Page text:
Where did I see this phrase? On a bumper sticker? A tee-shirt? Maybe a teabag tag? I even Googled to see if it was a quote and found a factoid in the “Old Farmer’s Almanac” that proclaims Michigan as the 7th cloudiest state in the U.S. The article said “no matter where you live in Michigan, you’re only likely to see between 65 and 75 clear days each year.”
Well, that was news to me, but I am ready to label this season a dud, since I don’t recall a Summer with such blah landscape and so-so, hum-drum skies. Most mornings when I’ve ventured out for a walk this Summer, the skies have been gray, the dark clouds sometimes, rather begrudgingly, will part to let a pale sun peek through, but the truly sunny days have sadly been lacking.
Last weekend was perfect in my book – sunshine galore. Today too. In fact, I hated to come back inside after my walk, and, when I returned from the Park, I even went over to Memorial Park, just a few blocks over to walk a few more laps there before coming into the house.
What a difference a day makes. Yesterday it was so gloomy looking that I failed to notice how green the grass was after that four-inch rainfall we received Tuesday and Wednesday. Gone is the carpet of dead grass that crunched beneath my feet, which brown blades hadn’t shown any signs of life for weeks, after a nearly rainless July. As I trekked through the neighborhoods, I noticed other lawns were greener and showed some promise, unlike most of the flowers that look like they’d given up the ghost a few weeks ago already.
Sadly, those four inches of torrential rain still did not bring back “the greens of Summer” that Paul Simon touted in his song“Kodachrome” … https://www.youtube.com/watch?v=qrRRhoS3KFk
I long for those bright Kodachrome colors we all remember from past Summers. But, three weeks of ever-present heat and no rain sure took its toll on the trees, because those drought-like conditions caused the bark to slough off tree trunks, then the wind scattered those feather-light pieces everywhere.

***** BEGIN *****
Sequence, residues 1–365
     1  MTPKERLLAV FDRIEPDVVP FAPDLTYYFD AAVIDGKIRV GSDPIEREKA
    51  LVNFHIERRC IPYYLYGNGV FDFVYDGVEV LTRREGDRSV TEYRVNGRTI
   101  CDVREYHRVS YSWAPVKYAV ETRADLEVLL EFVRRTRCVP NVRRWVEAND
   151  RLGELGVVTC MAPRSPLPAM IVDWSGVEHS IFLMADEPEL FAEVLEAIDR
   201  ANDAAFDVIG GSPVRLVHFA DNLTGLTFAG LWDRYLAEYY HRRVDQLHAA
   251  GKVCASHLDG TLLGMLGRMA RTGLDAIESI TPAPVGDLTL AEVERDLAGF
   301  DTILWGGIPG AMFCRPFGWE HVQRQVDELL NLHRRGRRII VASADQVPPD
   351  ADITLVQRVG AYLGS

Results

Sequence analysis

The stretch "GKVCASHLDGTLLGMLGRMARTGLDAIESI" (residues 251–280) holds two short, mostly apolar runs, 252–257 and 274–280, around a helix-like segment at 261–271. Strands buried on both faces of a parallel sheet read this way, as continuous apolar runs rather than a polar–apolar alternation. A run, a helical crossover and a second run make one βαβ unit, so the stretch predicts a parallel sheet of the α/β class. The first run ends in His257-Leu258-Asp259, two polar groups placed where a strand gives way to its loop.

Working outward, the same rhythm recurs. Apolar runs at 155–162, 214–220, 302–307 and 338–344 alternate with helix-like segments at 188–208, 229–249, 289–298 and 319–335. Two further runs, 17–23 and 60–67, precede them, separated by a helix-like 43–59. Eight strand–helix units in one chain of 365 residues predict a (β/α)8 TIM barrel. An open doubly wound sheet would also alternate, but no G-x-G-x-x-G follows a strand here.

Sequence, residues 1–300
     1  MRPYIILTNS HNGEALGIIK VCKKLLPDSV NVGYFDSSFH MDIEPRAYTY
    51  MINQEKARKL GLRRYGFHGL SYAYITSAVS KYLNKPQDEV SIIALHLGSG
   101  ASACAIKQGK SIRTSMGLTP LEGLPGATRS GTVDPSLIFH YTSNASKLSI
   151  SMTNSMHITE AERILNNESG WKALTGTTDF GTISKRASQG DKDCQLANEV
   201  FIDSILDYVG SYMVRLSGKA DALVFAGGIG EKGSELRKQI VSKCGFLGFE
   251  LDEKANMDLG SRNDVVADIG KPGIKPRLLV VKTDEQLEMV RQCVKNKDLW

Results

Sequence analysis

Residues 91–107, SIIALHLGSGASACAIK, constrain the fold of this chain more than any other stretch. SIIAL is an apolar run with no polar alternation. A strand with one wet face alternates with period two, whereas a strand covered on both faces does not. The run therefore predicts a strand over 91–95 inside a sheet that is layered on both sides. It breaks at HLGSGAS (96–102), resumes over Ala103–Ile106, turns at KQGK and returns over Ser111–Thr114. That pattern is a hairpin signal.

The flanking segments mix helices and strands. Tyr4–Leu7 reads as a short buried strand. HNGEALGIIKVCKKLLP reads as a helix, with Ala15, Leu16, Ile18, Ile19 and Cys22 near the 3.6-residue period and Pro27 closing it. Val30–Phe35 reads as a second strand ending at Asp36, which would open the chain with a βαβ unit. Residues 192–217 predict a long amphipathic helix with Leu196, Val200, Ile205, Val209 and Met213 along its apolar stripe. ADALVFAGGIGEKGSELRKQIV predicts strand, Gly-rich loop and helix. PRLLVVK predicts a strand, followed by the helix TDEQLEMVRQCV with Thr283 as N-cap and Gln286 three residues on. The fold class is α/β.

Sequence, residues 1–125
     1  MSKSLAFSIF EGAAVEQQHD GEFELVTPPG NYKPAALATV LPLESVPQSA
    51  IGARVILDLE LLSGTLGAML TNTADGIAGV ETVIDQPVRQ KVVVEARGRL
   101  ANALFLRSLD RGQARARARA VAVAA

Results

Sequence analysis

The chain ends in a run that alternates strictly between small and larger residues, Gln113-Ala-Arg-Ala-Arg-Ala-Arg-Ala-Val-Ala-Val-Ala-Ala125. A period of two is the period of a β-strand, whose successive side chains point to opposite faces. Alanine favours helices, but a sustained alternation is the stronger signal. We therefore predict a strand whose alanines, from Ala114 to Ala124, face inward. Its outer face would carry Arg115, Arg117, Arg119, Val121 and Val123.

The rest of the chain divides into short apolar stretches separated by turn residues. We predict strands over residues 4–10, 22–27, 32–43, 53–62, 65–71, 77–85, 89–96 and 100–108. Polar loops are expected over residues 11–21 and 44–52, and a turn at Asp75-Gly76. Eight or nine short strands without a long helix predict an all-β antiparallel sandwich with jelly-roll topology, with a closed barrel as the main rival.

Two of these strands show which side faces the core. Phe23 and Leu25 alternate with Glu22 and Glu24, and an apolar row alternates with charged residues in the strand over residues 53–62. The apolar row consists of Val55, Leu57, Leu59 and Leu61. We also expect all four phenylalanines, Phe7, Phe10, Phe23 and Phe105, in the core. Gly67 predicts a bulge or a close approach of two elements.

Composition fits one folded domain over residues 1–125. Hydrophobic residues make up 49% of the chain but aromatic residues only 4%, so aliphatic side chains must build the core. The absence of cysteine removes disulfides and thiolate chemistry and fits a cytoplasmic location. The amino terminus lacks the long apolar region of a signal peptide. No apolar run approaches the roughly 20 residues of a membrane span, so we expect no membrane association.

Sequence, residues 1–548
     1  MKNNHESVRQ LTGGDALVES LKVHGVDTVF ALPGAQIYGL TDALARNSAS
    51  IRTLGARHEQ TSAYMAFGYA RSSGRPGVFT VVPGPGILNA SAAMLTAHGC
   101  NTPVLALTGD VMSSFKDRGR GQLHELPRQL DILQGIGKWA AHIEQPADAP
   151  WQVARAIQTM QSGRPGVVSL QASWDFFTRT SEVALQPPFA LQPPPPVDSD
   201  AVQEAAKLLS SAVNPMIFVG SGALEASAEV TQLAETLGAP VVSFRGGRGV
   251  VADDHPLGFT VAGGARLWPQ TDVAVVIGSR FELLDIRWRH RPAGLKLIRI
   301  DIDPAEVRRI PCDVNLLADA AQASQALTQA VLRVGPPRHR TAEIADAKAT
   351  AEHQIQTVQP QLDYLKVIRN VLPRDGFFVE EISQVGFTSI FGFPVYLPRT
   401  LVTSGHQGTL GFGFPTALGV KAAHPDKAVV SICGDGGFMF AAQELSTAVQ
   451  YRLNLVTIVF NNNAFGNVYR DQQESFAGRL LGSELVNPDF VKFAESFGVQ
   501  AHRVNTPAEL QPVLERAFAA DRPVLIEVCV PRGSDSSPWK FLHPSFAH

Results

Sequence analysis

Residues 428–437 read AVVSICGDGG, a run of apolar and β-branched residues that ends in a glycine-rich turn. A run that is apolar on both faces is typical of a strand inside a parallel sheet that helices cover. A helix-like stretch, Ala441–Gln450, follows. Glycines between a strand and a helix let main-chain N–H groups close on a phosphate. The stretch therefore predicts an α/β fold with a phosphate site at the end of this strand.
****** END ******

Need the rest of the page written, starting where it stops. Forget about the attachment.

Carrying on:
I’ve taken some photos of the dead leaves which litter the sidewalks and also the pathway at Council Point Park. There are not just a few, but enough to swirl into small piles when the wind whips them up.
Look at this fern and how its leaves are already turning red.
The Ecorse Creek was looking better today after all the rain – the water level was higher and the hard downpours eliminated all the algae, that green glow that had glommed onto the surface of the water.
Just a few days ago when I took this photo, at a glance, you couldn’t tell whether the green glaze on the murky brown water was pond algae or water lilies.
Even the berry bushes and mulberry trees have stopped producing – either that, or the groundhog has feasted on berries nonstop and eaten them up.
At least a few wildflowers (or weeds, depending on your perspective) are growing along the path amongst the morning glories, like Queen Anne’s Lace and Chicory.
This pale-looking thistle would have looked better with a vibrant goldfinch perched on top and pecking at it, or a delicate Tiger Swallowtail butterfly alighting on it, then supping nectar, both are images I’ve captured in the past.
I sure do miss those birds and butterflies that provide the Summer ambiance at my favorite nature nook. For now, to make Summer complete, we need an injection of color, to turn those pale colors into Kodachrome-worthy hues, and otherwise pep up the Park, which is looking a little sad these days as you see in the picture up top and throughout this post.
Perhaps I just need to don some rose-colored glasses.